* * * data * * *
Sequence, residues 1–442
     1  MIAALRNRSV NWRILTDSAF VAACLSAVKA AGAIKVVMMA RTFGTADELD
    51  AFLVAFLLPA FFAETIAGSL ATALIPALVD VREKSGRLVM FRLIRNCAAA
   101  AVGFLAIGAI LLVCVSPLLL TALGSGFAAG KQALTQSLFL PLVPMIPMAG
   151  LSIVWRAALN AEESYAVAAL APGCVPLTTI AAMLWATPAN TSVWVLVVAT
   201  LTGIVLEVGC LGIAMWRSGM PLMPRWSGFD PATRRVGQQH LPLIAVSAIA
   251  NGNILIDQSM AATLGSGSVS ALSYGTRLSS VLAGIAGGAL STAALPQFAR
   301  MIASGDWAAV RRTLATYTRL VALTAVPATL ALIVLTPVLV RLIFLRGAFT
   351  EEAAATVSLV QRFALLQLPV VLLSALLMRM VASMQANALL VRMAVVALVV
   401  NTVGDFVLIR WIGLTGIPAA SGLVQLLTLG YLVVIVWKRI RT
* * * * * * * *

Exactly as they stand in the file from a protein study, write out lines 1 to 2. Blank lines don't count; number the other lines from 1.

Sequence, residues 1–442
     1  MIAALRNRSV NWRILTDSAF VAACLSAVKA AGAIKVVMMA RTFGTADELD